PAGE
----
In other words, this is going to be a bit more than a driver catch-up problem. If you are a Linux user with one of these cards, unless your software can work with this DRM protection scheme, you won't be able to enjoy the full benefits of HD content. And while I agree that a hack is always possible, it's (a) illegal and (b) video card manufacturers may have to be much more active in preventing unlicenced use of their products in order to stay within the guidelines of any HDMI license agreement in which they enter.

Currently, video card manufacturers are either a little bit helpful with Linux, or they're almost completely passive--they don't care one way or the other if someone hacks a driver to support their cards, since ultimately it makes them a little bit more revenue and they didn't have to do any coding or support.

If HD content will be king, then the manufacturers will have to be far less wishy-washy. They will either have to sign-up for this DRM scheme or they won't. Given that in three or four years, which is when such a DRM plan is expected to be implemented, Vista will have probably gotten itself installed on a majority of the world's desktops and there'll be even more broadband to deliver HD content, only a suicidal card manufacturer would opt out of this DRM scheme.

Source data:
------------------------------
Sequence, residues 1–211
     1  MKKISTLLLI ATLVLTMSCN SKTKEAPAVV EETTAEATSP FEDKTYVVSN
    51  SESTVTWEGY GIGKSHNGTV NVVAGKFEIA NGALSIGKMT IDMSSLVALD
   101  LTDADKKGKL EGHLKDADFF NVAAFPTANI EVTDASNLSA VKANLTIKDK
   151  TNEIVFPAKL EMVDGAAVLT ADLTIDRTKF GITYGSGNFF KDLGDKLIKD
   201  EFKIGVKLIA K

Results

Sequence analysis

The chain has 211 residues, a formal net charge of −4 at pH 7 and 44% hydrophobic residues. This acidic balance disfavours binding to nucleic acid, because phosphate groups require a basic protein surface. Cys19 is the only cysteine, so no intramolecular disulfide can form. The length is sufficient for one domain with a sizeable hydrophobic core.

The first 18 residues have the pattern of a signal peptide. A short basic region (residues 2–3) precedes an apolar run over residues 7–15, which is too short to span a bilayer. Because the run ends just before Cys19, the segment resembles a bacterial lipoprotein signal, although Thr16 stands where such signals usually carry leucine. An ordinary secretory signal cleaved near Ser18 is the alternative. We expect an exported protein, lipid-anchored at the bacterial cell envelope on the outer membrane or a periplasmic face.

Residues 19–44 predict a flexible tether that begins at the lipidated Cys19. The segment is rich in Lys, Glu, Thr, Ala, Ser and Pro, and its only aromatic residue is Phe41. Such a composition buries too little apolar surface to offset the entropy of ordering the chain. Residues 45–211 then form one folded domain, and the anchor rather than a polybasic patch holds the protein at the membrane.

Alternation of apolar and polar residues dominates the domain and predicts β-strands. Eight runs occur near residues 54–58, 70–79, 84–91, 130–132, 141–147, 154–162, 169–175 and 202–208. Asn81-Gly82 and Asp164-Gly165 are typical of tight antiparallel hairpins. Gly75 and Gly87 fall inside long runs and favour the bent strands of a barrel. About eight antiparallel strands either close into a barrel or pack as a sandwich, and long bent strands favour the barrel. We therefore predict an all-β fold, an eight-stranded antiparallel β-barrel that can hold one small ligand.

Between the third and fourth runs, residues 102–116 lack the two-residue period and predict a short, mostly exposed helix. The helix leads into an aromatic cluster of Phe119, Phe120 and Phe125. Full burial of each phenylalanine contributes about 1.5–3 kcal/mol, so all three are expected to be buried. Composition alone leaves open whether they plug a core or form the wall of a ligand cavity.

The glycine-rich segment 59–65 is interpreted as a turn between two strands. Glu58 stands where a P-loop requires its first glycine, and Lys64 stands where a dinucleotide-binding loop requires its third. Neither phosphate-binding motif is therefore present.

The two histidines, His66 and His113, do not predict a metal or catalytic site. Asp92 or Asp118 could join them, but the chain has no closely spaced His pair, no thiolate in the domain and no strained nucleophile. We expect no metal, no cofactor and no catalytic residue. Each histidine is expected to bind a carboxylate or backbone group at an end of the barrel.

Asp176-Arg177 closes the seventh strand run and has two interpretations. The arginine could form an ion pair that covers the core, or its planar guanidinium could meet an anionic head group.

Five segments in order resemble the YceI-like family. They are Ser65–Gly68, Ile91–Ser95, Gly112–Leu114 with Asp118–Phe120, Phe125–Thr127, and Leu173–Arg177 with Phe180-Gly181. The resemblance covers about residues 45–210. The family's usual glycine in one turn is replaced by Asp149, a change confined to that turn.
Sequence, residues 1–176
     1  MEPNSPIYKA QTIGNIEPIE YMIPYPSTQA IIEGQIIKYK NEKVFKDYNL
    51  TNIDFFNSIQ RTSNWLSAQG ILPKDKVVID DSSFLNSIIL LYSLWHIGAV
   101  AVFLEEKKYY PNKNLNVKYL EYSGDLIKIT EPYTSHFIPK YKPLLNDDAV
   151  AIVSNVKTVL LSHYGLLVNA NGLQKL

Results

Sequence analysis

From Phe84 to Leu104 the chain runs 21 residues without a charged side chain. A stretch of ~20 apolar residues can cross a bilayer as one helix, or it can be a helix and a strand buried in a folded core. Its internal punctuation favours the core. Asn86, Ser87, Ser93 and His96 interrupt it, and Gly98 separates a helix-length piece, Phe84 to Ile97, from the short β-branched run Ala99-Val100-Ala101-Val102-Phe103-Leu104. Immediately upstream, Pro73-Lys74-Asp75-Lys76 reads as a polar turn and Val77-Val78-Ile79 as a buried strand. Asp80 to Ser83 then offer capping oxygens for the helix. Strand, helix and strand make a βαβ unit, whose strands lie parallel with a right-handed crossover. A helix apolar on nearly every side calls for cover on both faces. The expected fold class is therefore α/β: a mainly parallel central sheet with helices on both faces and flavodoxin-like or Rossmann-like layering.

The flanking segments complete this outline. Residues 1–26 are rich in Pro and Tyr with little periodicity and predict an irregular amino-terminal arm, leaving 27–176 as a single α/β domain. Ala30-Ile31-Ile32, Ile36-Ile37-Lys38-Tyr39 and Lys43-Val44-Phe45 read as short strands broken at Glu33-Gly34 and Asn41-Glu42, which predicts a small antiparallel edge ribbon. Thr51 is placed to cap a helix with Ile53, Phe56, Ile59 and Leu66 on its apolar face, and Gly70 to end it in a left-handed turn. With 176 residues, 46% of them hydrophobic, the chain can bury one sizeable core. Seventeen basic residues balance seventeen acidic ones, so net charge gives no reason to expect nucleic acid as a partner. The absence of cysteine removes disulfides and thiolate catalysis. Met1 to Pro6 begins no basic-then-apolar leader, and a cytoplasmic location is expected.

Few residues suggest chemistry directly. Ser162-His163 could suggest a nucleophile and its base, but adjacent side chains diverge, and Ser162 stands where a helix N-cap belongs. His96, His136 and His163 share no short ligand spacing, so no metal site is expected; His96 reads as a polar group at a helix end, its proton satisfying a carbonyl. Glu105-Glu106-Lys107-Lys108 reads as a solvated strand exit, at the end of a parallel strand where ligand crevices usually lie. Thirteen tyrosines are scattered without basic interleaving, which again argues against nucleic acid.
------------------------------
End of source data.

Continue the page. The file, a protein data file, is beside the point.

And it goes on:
This will leave Linux on the desktop in a precarious position. Obviously, the base X system won't be affected by this image constraint token, so we'll all still be able to use our GNOME, KDE, Xfce, or whatever desktops and the attendant apps. But what do we tell the potential new Linux user when they want to point Firefox at some HD content on the Web? Or a techie who wants to build his own DVR device? "Sorry, Linux can't do that?"

Does this mean that Linux will be forever behind in the content game? As I menioned before, the solution can (and probably will) be hacked, just as the DeCSS algorithm was cracked so we could watch DVDs on our Linux machines--if we wanted to. Except that DeCSS-hacking applications are still not legal in the US (because God forbid I should watch my DVDs on my Linux machines).

The other choice is to embrace a DRM protocol for Linux. This would give penguin-lovers an OS that would be more likely to be compatible with these DRM-protected cards. But, even as I write that, I realize that such a wish could be as fruitful as spitting at a forest fire. The drafts of the GPL v3 make it clear that DRM will not be a welcome addition to GPL'd software, With GPL 3, Richard Stallman and the Free Software Foundation have drawn a line in the sand regarding DRM.

My question is, looking at the future of digital content, will the GPL 3 forever keep Linux relegated to servers and older machines that don't have HD video requirements?

I submit that this is another hardware challenge facing the Linux community to add to the list of concerns I have addressed here in recent weeks. If anything, this should serve as strong incentive for the community to figure out how to work with hardware vendors, before passive indifference becomes active resistance.